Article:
Ancient Crater Could Explain Moon’s Interior And The History Of Its Evolution

 @KukilBora
on December 10 2013 7:02 AM
Moon
Red areas on the topographic image indicate high elevations, and blue or purple areas indicate low elevation. The South Pole Aitken basin could hold clues about the composition of the Moon's mantle. NASA/GSFC

A team of researchers from Brown University and the University of Hawaii have found some mineralogical surprises in the Moon's largest impact crater that could help uncover secrets about the moon’s evolution.

Researchers have used data from India’s Chandrayaan-1 lunar orbiter and found a diverse mineralogy in the subsurface of the giant South Pole Aitken, or SPA, basin, a huge impact crater on the far side of the moon.

“The differing mineral signatures could be reflective of the minerals dredged up at the time of the giant impact 4 billion years ago...If that's true, then the South Pole Aitken (SPA) basin could hold important information about the Moon's interior and the evolution of its crust and mantle,” a statement from Brown, said.

According to the study, published in the Journal of Geophysical Research: Planets, the SPA, at 2,500 kilometers across, is the largest impact basin on the moon and perhaps the largest in the solar system.

The researchers also examined smaller craters within the larger SPA basin made by impacts from millions of years after the giant impact that formed the basin. According to the scientists, the smaller impacts uncovered material from deep within the basin that offered up important clues about what lies beneath the surface.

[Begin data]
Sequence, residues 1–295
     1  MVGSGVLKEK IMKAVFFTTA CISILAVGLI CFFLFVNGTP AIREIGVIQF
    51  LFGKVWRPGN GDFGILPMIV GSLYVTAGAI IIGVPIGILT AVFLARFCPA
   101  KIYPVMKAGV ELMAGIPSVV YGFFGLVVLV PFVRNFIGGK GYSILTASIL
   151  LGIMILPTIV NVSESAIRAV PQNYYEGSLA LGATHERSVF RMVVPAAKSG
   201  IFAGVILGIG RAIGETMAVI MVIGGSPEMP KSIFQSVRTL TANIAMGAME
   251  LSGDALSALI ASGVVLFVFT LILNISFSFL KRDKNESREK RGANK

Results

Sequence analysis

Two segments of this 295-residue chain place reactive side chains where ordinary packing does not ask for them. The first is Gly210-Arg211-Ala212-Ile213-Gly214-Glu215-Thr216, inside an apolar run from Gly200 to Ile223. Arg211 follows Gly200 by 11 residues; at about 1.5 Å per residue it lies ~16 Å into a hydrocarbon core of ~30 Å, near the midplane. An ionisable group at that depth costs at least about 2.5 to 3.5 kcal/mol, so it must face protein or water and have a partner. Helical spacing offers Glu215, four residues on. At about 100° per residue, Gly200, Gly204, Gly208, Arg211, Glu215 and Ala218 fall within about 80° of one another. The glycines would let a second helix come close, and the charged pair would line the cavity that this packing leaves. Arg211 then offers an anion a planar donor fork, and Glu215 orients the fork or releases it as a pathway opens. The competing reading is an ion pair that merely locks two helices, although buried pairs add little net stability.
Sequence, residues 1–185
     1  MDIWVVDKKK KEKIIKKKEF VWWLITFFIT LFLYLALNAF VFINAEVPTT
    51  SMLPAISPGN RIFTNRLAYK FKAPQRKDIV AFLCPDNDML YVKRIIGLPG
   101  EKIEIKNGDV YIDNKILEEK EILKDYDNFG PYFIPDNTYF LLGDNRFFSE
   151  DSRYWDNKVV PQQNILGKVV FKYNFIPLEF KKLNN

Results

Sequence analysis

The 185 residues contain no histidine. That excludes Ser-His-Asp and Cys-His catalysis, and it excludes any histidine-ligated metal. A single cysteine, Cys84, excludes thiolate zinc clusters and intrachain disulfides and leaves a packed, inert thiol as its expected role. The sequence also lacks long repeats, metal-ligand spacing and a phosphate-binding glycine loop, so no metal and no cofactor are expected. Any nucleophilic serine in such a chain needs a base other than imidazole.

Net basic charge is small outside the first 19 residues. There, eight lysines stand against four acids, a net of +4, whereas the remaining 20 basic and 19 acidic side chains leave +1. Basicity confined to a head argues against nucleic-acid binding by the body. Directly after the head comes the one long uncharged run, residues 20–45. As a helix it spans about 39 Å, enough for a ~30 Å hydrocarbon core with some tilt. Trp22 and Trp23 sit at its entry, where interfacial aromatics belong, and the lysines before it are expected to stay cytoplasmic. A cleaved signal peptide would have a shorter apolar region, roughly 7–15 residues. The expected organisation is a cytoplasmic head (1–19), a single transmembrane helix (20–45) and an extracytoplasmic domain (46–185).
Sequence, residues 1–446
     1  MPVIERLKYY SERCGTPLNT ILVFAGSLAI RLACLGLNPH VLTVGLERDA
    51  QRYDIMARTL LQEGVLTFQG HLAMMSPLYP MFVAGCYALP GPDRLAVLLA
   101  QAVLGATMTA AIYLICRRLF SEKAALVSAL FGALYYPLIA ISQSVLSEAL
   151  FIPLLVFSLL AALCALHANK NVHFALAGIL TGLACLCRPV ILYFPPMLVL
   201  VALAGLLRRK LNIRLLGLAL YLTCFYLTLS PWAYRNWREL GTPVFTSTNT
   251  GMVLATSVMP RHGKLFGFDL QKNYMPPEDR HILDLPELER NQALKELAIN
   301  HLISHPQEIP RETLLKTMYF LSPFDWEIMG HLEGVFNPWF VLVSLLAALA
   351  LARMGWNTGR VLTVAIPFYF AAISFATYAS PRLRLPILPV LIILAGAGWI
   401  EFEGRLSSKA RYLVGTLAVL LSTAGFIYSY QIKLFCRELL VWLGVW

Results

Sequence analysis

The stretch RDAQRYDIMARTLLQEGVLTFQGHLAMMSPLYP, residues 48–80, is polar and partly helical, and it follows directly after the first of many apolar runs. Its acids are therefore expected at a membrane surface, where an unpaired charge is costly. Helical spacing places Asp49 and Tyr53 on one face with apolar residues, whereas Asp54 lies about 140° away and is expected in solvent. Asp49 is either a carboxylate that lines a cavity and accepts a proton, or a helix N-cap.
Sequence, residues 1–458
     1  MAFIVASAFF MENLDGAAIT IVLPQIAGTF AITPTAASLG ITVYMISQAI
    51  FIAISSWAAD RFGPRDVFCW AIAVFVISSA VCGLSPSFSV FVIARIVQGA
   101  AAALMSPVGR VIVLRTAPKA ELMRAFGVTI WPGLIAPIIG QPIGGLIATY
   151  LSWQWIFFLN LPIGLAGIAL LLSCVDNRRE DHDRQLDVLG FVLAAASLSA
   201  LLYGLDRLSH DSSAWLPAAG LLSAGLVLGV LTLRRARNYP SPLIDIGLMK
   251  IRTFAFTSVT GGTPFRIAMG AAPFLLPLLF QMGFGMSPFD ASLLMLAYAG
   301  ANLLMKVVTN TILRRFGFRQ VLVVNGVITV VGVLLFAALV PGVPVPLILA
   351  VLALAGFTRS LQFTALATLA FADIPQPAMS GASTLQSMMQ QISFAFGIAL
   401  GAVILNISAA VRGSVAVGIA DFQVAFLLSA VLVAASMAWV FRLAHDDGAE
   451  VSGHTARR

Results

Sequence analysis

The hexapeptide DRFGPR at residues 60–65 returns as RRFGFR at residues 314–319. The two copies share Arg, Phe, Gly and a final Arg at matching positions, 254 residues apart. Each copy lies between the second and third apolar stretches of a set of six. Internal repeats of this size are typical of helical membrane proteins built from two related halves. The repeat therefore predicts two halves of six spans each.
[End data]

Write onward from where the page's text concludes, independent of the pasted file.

The researchers used Moon Mineralogy Mapper data from Chandrayaan-1 and looked at the light reflected from four craters within the basin to find that the spectra of reflected light provide clues about the composition of the rocks.

“One of the four craters, located toward the outer edge of the basin, contained several distinct mineral deposits within its own peak, possibly due to sampling a mixture of both upper and lower crust or mantle materials,” the researchers said.

The varying mineralogy in these central peaks suggests that the SPA subsurface is much more diverse than previously thought.

“We looked in a little more detail and found significant compositional differences between these central peaks,” Dan Moriarty, a graduate student at Brown who led the study, said. “The Moon Mineralogy Mapper has very high spatial and spectral resolution. We haven't really been able to look at the Moon in this kind of detail before.”

According to scientists, it is possible that the distinct minerals formed as molten rock from the SPA impact cooled. Earlier studies have suggested that such mineral formation in impact melt is possible. However, it's also possible that the mineral differences reflect differences in rock types that existed before the giant SPA impact.

Moriarty is currently undertaking a much larger survey of SPA craters in the hope of identifying the source of the diversity.

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